FFO: Greg Dulli, Greg Dulli, and Greg Dulli
Random Desire is billed as Greg Dulli’s first solo project. Even if you ignore the fact that Dulli already had a solo debut in 2005 (possibly a technically , since it was released as quote Greg Dulli’s Amber Headlights end quote), Dulli’s bands—the Afghan Whigs, the Gutter Twins, and the Twilight Singers—were always driven by his singular creative vision. His bandmates played important roles, but they were always in service to whatever muse Dulli was following at the time. If Dulli is fronting a band, it’s going to sound like his project, period.
After “reuniting”* the Afghan Whigs in 2011 and releasing two albums (2014’s good Do to the Beast and 2017’s excellent In Spades), Dulli found himself in need of a creative outlet as the band again went on hiatus. Random Desire is that outlet; inspired by Prince, Todd Rundgren, and other one-man-bands, Dulli wrote, played, and recorded the whole album himself (save for some guest spots from his pals). While there’s a slapdash quality here as a result, the album is still the most diverse release in Dulli’s career, revisiting almost every creative detour he’s taken while venturing down the occasional new path.
*more like adding an original Whig member to the Twilight Singers line-up
One of the most fascinating things about Dulli’s creative output over the years is that as his songwriting accumulated new wrinkles, he’d take those elements to his next project and continue building. So while the Whigs started off as a loud college rock bar band with serious ’60s R&B/soul undertones, they kept expending, ladling in more and more nuances. And then the Twilight Singers added a dollop of electronica and sunny indie rock. And the Gutter Twins folded in some late ’80s Nick Cave vibes. Random Desire keeps with this trend, as all of these elements swirl and slosh around. Some songs, like the glorious “The Tide,” revisit touchstone points (in this case, Black Love-era Afghan Whigs, with a huge upswell of guitars, piano, and Dulli’s howl). Other tunes try some new tricks, like opener “Pantomima”—it’s maybe the single most joyous-sounding thing Dulli has released. And “Scorpio” slinks along with a sexy vibe that’s carried by a trip-hop backbeat and some impressively syncopated verse vocals from Dulli.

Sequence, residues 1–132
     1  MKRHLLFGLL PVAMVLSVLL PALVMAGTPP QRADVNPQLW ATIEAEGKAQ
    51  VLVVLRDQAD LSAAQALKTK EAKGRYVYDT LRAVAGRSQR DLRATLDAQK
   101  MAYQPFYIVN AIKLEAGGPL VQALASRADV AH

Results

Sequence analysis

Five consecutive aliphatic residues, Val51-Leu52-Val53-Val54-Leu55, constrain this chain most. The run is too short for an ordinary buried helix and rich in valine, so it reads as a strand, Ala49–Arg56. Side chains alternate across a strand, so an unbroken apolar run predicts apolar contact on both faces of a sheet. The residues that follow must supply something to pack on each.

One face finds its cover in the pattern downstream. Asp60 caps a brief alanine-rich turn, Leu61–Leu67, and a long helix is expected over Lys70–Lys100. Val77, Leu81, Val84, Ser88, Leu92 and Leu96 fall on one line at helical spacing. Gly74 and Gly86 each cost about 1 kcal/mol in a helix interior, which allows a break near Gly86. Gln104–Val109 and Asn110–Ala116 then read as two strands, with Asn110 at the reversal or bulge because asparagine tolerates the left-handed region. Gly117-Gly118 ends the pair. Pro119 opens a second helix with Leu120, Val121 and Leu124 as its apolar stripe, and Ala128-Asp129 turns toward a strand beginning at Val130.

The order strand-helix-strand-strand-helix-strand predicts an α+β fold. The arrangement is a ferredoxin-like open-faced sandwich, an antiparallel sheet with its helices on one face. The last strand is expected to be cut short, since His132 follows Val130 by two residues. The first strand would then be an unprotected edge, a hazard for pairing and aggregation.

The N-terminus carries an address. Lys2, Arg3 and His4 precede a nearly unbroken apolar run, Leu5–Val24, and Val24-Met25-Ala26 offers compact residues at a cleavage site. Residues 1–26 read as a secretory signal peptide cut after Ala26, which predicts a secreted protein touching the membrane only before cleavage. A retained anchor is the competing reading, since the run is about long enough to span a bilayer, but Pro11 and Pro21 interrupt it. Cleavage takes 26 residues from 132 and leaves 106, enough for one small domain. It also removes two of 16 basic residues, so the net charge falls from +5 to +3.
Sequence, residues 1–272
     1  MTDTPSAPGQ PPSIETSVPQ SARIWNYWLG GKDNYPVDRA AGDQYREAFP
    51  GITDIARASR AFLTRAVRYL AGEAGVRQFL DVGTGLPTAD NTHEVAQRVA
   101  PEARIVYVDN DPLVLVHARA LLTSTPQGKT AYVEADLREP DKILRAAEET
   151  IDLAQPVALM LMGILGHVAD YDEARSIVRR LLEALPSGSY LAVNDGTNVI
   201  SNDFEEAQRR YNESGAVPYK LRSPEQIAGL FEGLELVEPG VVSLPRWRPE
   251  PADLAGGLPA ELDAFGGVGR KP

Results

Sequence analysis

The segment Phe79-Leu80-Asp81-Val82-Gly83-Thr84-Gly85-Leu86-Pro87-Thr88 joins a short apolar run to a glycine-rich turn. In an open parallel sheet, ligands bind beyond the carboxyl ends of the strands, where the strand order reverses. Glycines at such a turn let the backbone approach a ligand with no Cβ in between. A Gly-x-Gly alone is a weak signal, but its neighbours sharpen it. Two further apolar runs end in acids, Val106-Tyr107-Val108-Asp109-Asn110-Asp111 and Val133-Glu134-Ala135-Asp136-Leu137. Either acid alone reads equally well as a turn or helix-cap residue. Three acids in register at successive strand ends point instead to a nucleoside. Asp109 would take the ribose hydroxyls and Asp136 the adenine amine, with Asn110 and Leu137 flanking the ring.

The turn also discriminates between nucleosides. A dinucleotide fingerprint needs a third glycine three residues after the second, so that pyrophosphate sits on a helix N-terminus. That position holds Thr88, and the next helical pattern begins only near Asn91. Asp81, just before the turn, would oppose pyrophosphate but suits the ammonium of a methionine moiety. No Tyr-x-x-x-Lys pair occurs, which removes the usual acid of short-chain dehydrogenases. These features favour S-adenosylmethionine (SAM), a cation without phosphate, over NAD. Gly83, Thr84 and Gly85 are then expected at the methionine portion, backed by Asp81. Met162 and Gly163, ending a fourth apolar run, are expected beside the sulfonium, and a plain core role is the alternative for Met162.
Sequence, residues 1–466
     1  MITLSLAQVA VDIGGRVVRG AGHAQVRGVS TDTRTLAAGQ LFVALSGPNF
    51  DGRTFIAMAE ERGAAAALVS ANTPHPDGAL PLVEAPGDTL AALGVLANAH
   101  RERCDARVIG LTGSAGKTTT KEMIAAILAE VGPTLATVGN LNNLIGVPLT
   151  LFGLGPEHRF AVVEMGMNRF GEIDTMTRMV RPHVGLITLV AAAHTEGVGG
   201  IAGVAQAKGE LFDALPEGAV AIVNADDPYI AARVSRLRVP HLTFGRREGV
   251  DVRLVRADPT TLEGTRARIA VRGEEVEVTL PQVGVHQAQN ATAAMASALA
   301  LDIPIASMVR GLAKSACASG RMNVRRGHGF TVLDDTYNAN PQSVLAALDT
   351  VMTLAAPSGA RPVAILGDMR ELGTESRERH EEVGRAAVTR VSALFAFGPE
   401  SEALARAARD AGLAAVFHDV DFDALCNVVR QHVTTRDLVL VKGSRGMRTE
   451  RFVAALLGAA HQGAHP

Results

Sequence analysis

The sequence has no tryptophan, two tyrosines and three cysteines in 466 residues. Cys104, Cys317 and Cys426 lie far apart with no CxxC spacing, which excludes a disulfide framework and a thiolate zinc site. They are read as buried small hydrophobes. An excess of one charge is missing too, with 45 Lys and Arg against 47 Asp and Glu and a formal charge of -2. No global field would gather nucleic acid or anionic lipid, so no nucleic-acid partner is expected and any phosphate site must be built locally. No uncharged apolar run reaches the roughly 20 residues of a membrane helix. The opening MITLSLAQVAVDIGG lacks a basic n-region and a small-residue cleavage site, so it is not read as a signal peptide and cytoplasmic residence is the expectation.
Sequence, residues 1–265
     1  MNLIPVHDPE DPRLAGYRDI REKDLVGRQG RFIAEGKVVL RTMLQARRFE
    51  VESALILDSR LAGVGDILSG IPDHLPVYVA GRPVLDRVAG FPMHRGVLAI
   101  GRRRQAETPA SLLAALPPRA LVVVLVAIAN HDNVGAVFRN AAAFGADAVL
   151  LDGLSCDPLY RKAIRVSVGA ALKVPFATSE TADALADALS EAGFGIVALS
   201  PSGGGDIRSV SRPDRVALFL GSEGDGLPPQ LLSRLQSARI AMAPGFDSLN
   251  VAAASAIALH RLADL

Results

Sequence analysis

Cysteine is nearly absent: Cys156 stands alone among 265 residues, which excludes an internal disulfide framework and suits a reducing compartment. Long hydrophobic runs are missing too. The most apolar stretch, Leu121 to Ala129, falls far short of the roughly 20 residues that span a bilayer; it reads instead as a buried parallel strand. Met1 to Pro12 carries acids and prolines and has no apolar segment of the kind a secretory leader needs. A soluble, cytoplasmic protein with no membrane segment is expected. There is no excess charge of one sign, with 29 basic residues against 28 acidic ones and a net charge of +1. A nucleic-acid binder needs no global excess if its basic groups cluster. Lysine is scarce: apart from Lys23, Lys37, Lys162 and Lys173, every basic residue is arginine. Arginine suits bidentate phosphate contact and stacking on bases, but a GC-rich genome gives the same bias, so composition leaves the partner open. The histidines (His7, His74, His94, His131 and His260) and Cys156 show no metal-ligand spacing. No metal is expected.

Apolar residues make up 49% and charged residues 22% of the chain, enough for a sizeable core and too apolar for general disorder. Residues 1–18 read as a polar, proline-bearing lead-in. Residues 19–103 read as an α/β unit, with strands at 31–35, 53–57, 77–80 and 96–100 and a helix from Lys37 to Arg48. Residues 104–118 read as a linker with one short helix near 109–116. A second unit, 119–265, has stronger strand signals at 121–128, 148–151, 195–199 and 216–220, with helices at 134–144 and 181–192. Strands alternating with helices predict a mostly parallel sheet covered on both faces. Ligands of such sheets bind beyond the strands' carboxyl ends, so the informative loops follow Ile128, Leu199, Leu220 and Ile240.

If Random Desire suffers, it’s mainly from the limitations of keeping this to a one-man affair. I’ve always found Dulli an underappreciated musician, a true jack of all trades whose musicianship was always eclipsed by his huge on-stage persona. But while a more-than-capable multi-instrumentalist, Dulli’s playing never strays far from what he’s done before. The same can’t be said for his vocal performance—Dulli’s raspy yowl aims for some sultry low notes that are far out of his range. It’s endearing, but still a bad fit for the album. And it’s also not helped by the thin-sounding production; Dulli might’ve been shooting for this early Prince aesthetic, but it doesn’t mesh well with the anthemic swells that frequent his songs.
Random Desire is also the most lyrically diverse of Dulli’s career. Dulli’s songs have always been about the brooding and self-destruction that comes with passion. But here, he seems to take a step back and look at the sadness, joy, and peace that comes from relationships (or, like in the album’s standout “Marry Me,” broken relationships). It’s still Dulli, but this is the most mature he’s ever sounded (or, his persona has sounded, if there’s any actual difference between the two).
Clocking in at a mere 37 minutes, Random Desire covers a lot of ground in a little time. Even with its limitations, the it’s the most true sounding recording Greg Dulli has ever released. Maybe that’s why it’s being billed as his first solo album.
Our Rating: 7.9 (Stand Out)
Random Desire is out now on Royal Cream/BMG.